Second in a series of columns inspired by reader requests
Brawls, shootouts and car chases make for good television. Whether we are watching fictional cops portrayed by Hollywood actors or reality TV with real police officers on the job, speed and violence make for good ratings.
In most cases, we are also rooting for the cops. That is because when you watch a scene from one of these shows you are fully aware of the background story, and this contextual basis allows you to comprehend the subsequent actions of the cops as well as the bad guys.
That is not the case for the latest phenomenon: police incidents captured on cell phone cameras.
There are a proliferation of such videos being posted to Internet sites. Many of these purport to be examples of overly aggressive cops, including one sent to me by a reader who suggested the topic of police abuse on videos. Thank you reader (Yid), but the problem with this video, other than the fact that it is so far removed from the action that there is literally no visual basis for judgment on anything, is that it lacks context.
Rather than break this video down, I’ll use a scenario to make my point (cops love scenarios).
Imagine you are watching a “Cops” episode. The officer working with the cameraman is in a car chase following a suspect in a drive-by shooting. The chase ends in a crash, injuring two officers, and the suspect flees on foot. Two cops catch up to him in a park filled with people, many of whom begin filming the incident. As the suspect runs the police shoot him with a Taser, but the prongs don’t penetrate his heavy coat. A second attempt at Tasering also fails to penetrate clothing. The cops tackle him and in the struggle the suspect catches one in the groin with a kick. Four cops are eventually needed to hold the suspect down without further injury to anyone, and he is led off in handcuffs.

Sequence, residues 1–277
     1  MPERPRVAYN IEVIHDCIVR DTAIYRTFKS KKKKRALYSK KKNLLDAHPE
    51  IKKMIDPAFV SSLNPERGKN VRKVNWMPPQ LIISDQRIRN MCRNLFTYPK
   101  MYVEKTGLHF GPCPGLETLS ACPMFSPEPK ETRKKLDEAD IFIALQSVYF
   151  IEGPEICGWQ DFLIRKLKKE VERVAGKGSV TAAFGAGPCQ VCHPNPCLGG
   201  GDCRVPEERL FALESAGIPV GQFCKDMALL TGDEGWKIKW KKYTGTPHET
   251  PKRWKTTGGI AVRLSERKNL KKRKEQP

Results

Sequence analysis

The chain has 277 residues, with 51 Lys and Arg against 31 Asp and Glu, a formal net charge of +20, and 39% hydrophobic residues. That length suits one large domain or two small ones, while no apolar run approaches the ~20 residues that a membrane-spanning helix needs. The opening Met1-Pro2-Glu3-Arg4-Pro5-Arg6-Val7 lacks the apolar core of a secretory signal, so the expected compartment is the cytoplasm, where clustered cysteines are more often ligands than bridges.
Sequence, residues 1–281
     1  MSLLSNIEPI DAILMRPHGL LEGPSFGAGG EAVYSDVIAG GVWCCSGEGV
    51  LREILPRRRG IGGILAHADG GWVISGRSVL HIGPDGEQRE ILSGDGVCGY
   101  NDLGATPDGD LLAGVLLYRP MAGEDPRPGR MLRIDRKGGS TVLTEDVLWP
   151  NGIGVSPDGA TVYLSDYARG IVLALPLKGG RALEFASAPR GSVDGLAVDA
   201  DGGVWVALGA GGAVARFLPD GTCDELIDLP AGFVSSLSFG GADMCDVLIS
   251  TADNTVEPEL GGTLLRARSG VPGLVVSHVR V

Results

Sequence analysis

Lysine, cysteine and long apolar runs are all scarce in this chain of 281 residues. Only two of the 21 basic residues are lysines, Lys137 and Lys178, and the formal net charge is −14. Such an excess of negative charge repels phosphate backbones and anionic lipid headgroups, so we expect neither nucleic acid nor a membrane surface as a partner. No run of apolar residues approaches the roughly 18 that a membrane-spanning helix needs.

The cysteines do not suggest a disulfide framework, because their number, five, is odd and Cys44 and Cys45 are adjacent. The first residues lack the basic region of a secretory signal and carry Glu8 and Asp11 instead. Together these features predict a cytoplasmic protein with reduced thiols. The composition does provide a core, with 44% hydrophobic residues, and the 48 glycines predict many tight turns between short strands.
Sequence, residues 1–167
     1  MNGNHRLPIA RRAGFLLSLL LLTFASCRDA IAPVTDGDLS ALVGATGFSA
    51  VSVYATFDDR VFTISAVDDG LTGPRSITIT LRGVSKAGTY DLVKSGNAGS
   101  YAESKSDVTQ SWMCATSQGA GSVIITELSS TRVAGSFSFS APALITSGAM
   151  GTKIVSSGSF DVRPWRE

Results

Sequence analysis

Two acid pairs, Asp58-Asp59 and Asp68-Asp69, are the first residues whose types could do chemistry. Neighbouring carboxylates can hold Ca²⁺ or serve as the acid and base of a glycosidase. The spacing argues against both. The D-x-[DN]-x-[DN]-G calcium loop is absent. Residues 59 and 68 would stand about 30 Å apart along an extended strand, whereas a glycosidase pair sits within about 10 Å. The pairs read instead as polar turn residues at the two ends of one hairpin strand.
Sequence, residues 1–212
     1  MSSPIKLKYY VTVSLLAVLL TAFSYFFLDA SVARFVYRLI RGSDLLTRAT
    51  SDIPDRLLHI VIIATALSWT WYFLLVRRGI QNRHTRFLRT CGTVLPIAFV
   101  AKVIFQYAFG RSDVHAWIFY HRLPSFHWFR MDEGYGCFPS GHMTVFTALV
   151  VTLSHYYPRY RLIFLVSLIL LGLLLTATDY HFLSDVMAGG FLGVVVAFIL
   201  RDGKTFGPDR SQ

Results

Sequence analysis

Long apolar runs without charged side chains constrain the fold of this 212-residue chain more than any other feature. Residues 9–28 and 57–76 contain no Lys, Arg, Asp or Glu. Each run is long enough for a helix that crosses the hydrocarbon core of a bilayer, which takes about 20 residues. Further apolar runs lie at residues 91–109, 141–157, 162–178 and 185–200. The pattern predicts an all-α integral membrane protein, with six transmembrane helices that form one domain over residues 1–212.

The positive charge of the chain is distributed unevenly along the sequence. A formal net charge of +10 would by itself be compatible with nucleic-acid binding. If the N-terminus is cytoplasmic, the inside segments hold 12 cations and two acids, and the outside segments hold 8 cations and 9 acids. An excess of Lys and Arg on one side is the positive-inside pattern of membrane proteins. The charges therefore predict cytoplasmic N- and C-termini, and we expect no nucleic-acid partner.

Watching this conclusion you are satisfied that the bad guy didn’t get away (at least I hope you are).
However, the teenager filming this imaginary incident catches only the following: four cops chase one guy into the park, Taser him twice and then jump up and down on him. The only sound is that of the teen filming, who can be heard saying, “Why do they need four cops to catch one guy? Why do they keep tasering him? Why are they grabbing his legs and pinning him to the ground?” The next day that video has 10,000 hits on Youtube and the police chief is responding to demands that the rogue cops be fired.
Far fetched? Absolutely not.
By no means am I suggesting that police officers are never rude, never get carried away, never lose their temper and throw one blow too many. That would be expecting too much from cops who are, after all, only human. When this occurs police officers should, and usually do, receive punishment above and beyond that of the average citizen.
I take exception, however, when videos are viewed without a contextual background. It is unfair to take a few seconds of action at face value when there are other angles, contributing factors and a great deal of background that would change the entire context of the incident.
One such example of this hubris was exhibited, I’m sorry to say, by my favorite columnist Leonard Pitts. In an article attacking cops for taking exception to citizens filming police action, he stamps us all with the label of hypocrite. Although I am a huge fan of Pitts’ craftsmanship and his championing of the impoverished, I consider it prejudicial to label individuals simply on the basis of their skin color, gender preference or, yes, even their profession.
Do I have a problem with a citizen videotaping me while on the job? Yes, but my displeasure is probably no greater than the citizen who goes live on my police car video whenever I hit my lights. So you may take the video, keep it if it has no evidentiary value, and post it on Youtube.
But please remember–that video is only one small piece of reality.